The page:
Moments and Seasons of stress, fatigue, grief, depression, anxiety, etc, provide the impetus to anger. What angers us is often not what it seems. The anger may be an entrenched sadness, helplessness, or fear that is exposed. Such is the nature of transference.
Much of our stress, fatigue, grief, depression, anxiety, etc we may not even be aware of, because these are not the presenting issues. The issue presented is something that frustrates us. The real issue is deeper and we are often aware of it later when we have calmed down, and perhaps in our guilt we ask, “Why did I fly off the handle like that?”
The most important question we can ask ourselves – in the moment of our fury – is, “Wait a minute – what is really the issue here?”
Of course, it takes significant self-awareness and self-control to be aware enough to ask the question and restrained enough to abort the angry action. But both areas of reaction can be improved and our responses can be helped.
Becoming More Self-Aware
Knowing what we are dealing with presently – the knowledge of our emotional and spiritual states – is such a great tool in the weaponry of forging better relationships; both with ourselves and others.
When we are aware of stress, fatigue, grief, depression, anxiety, etc we are able to be more checked and more conservative in our responses. We are likelier to be gentler with ourselves. And we likelier to ask the key question: “Wait a minute – what is really the issue here?”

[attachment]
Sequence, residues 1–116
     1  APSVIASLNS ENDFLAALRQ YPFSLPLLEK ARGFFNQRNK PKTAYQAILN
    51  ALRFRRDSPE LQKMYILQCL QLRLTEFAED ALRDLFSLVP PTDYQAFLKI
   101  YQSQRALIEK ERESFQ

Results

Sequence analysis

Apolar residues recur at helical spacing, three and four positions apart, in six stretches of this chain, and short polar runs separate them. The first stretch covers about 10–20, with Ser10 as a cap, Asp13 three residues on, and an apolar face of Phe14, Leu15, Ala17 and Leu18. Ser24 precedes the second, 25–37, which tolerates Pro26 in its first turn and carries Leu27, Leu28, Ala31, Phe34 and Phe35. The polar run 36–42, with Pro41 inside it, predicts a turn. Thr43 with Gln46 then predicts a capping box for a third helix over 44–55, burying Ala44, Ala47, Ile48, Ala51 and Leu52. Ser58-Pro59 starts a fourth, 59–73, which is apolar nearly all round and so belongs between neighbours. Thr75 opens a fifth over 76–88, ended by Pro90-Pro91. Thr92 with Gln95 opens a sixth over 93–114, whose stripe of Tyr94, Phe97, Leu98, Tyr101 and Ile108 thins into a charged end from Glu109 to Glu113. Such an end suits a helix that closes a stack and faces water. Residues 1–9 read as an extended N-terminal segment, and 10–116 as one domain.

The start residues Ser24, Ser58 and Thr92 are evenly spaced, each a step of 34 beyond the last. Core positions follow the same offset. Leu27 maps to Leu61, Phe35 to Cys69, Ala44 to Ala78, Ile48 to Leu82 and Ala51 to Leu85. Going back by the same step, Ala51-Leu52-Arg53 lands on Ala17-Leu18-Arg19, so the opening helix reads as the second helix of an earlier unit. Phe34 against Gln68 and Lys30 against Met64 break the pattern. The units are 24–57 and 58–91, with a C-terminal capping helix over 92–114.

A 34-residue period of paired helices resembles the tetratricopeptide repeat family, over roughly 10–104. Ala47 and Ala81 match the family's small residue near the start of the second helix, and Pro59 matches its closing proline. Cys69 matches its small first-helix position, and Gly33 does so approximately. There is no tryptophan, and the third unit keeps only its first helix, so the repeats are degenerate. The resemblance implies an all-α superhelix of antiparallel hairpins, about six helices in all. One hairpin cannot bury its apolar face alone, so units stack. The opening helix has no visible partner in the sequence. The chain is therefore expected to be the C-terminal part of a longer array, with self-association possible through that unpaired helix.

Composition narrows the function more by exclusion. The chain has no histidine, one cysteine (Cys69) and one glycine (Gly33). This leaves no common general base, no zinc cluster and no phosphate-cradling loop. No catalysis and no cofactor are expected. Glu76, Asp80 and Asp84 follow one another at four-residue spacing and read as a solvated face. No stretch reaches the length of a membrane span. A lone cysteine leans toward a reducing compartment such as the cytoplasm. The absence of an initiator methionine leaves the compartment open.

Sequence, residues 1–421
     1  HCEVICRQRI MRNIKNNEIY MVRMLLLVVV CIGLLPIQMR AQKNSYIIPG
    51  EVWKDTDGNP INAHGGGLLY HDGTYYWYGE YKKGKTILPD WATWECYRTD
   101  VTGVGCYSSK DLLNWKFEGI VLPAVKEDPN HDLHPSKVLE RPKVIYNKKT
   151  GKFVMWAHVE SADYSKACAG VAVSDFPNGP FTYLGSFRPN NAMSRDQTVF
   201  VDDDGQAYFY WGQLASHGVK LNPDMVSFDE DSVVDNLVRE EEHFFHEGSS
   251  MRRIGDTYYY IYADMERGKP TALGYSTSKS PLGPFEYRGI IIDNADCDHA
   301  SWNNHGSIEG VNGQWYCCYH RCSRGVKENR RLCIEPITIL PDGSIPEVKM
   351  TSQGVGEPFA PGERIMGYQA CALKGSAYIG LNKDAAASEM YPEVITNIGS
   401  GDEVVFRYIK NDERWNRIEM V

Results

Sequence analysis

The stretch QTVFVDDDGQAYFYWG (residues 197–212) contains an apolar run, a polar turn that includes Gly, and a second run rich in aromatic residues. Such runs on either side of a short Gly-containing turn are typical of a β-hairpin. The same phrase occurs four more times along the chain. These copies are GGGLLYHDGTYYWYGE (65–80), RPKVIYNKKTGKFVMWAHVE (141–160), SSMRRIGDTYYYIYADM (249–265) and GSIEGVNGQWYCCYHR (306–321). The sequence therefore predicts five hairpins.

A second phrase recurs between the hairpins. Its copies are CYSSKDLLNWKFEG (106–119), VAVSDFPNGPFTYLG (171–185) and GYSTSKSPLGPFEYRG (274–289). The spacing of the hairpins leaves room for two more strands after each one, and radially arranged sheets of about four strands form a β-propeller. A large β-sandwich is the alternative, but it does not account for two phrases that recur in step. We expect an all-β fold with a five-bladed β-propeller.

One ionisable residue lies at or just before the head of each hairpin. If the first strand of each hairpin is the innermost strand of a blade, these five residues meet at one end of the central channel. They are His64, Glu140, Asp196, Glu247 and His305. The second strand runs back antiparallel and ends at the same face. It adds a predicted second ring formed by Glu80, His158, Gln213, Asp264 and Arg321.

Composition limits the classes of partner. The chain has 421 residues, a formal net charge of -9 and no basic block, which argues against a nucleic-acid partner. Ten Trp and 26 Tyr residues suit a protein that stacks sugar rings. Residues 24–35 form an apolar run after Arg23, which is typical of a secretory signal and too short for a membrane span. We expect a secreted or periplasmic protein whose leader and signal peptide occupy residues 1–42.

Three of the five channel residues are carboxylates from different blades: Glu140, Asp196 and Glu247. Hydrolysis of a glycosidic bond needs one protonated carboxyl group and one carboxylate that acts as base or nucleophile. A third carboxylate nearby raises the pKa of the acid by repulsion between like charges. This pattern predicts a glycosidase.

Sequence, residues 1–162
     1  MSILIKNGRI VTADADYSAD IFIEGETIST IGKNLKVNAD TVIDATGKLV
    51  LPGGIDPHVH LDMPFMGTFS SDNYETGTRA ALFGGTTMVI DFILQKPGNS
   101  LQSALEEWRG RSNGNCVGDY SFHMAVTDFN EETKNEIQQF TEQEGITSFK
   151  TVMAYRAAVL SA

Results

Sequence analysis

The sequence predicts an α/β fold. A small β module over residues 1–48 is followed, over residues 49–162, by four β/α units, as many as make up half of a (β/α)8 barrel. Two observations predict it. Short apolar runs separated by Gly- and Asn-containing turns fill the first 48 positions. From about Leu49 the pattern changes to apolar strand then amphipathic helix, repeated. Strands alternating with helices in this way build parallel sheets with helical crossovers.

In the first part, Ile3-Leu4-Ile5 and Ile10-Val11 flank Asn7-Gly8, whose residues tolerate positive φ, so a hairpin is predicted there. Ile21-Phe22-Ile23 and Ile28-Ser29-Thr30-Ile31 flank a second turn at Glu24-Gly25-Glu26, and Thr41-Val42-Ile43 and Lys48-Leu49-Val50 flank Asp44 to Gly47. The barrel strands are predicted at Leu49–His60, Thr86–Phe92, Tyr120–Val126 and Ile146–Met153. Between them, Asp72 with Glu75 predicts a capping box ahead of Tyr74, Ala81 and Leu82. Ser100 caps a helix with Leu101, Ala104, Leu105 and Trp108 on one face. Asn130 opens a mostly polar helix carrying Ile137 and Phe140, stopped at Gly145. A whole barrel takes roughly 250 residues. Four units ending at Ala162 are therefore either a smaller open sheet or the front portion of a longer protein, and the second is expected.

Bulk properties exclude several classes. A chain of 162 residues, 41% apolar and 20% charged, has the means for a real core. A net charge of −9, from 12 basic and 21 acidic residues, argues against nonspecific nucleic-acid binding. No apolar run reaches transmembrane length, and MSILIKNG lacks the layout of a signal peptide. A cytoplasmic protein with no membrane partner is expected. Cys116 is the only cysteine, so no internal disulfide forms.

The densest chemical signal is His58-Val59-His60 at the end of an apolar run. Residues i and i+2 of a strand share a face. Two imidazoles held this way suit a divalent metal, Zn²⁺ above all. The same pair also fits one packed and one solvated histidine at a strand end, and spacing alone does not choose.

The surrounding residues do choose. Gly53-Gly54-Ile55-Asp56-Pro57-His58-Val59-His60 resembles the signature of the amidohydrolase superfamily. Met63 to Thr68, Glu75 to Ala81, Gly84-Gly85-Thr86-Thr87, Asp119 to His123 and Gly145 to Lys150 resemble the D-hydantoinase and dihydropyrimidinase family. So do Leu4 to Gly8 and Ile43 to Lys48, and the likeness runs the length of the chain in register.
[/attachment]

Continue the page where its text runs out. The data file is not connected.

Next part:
Becoming More Self-Controlled
There is no easy way of becoming more self-controlled. It’s simply the matter of becoming more situationally patient. Although there is no easy way to be more self-controlled, the good news is there is no complicated solution. We just have to do it. At least if we are asking the question, “What is really the issue here?” we have the chance of holding ourselves to account.
Progress in becoming more self-controlled when it comes to anger is a forwards/backwards land. There are signs of progress and there are signs of regress. It’s best that we don’t judge ourselves too harshly. We do improve our responses over time.
When we have the awareness to ask a simple question in the moment of anger we have more chance of reigning in our response. When we ask “What is going on?” we can pause long enough for higher-minded reason to kick in.
© 2014 S. J. Wickham.